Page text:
Medieval Writing
Rustic Capitals

Script Type : majuscule

Date : Early Roman (1st century AD) in origin, used in various forms until around 12th century.

Location : Roman Empire

Function : Originally a formal book hand, mainly used in the early medieval era for display headings.

Example, from the early 8th century Vespasian Psalter (British Library, Cotton Vespasian A1, f.6), by permission of the British Library.
This section shows the use of rustic capitals for a full page of text. The example shows only the bottom segment of the page. This section is from the introductory commentary to the psalter which was produced at St Augustine's Abbey, Canterbury. The script of the psalms themselves is uncial.
Pass cursor over letters to see enlarged examples taken from the photograph above.

Distinctive letters : Letters such as M, N, L and A have slight curves to their straight lines. U is rounded. A has no crossbar. M, N and U have curved descending embellishments. The letters K and Y are not commonly found in Latin but here appear in proper nouns indicating exotic peoples.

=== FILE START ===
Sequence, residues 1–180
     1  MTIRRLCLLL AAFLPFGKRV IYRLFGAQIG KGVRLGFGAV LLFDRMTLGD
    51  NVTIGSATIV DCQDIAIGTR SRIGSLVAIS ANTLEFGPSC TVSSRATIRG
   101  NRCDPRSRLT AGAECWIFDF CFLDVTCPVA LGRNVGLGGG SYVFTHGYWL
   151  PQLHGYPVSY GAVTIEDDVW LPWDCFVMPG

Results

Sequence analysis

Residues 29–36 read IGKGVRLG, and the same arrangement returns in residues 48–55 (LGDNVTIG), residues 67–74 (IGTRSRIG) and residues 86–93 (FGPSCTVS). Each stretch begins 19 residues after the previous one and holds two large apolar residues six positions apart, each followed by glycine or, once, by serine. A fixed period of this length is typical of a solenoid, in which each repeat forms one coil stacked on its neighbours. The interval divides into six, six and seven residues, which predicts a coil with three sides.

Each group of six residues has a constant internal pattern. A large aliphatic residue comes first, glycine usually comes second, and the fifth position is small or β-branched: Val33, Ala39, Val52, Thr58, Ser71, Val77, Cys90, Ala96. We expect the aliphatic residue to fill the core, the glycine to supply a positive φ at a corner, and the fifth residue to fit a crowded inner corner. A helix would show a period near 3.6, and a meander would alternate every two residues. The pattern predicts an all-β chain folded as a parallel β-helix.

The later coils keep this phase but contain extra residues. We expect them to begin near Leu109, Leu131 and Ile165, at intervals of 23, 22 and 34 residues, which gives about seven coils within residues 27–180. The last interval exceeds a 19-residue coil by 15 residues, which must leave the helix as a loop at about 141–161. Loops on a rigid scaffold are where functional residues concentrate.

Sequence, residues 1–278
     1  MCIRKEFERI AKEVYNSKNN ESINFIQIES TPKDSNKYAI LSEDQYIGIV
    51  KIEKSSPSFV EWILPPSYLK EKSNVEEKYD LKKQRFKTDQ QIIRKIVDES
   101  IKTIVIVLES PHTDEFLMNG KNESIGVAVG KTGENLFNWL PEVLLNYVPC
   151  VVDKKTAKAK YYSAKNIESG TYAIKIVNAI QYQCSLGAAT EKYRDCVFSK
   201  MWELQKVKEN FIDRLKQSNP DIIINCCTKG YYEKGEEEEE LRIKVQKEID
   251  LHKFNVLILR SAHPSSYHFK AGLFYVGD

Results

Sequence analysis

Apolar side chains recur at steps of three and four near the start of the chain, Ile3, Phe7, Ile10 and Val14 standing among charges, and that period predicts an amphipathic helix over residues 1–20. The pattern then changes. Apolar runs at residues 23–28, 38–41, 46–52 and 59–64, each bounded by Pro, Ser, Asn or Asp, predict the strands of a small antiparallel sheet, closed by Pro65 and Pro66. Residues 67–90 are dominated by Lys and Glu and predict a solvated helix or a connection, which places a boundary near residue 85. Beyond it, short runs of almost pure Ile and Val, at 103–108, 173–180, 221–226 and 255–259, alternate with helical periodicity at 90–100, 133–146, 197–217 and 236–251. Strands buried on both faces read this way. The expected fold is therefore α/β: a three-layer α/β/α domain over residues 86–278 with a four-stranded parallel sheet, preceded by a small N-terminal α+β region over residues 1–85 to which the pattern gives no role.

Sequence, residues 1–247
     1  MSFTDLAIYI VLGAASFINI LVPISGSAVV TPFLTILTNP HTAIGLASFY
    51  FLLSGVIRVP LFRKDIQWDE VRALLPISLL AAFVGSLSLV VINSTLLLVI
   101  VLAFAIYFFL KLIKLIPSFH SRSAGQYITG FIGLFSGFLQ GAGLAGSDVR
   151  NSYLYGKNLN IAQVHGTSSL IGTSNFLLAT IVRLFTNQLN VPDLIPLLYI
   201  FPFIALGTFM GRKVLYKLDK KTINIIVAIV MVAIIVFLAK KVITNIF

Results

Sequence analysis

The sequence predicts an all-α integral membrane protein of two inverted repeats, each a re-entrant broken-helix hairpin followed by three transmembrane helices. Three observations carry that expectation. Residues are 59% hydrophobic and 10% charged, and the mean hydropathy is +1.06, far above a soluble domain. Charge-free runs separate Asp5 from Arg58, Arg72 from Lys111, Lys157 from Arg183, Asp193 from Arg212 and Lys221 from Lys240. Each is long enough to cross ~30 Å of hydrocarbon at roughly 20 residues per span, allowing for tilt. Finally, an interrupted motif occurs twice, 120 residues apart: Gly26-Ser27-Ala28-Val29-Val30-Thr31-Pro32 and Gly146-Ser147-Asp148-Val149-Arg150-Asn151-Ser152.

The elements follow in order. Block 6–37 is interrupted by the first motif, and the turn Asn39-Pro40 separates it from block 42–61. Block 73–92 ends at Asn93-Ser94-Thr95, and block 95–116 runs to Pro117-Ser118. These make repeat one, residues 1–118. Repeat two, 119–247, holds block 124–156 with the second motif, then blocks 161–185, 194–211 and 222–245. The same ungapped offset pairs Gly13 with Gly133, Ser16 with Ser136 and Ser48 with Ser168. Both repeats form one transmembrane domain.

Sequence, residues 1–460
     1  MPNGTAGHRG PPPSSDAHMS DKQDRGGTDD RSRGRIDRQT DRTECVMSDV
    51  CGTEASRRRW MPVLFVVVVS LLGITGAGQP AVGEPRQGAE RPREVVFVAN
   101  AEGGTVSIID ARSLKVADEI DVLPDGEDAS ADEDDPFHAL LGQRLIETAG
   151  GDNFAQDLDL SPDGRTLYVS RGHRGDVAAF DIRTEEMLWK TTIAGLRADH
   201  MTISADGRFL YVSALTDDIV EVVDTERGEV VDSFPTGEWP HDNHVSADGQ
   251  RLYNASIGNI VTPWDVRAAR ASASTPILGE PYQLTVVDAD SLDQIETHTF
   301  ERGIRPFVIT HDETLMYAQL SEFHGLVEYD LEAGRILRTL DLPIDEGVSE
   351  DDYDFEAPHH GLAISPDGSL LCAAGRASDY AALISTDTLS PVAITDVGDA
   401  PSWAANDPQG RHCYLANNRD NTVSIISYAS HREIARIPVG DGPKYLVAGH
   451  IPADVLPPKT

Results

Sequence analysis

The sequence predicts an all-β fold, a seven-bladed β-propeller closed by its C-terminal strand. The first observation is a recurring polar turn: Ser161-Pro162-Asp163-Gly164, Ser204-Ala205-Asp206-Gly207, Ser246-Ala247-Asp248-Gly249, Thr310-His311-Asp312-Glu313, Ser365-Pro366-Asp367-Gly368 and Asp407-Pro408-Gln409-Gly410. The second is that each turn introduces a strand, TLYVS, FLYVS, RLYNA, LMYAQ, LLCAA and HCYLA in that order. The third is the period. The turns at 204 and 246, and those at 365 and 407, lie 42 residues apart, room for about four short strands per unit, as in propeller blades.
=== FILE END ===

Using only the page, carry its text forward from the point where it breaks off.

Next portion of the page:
There are no examples visible of J, V, W or Z.

Pass the cursor slowly over the first few lines to see what is written. For a more detailed examination, proceed to the paleography exercises.

A complete transcript of the Vespasian Psalter is avaialble in Kuhn, S.M. (ed.) 1965 The Vespasian Psalter Ann Arbor: University of Michigan Press

Paleography exercises using Flash

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Script Index
What is Paleography?

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This site is created and maintained by Dr Dianne Tillotson, freelance researcher and compulsive multimedia and web author. Comments are welcome. Material on this web site is copyright, but some parts more so than others. Please check here for copyright status and usage before you start making free with it. This page last modified 19/8/2011.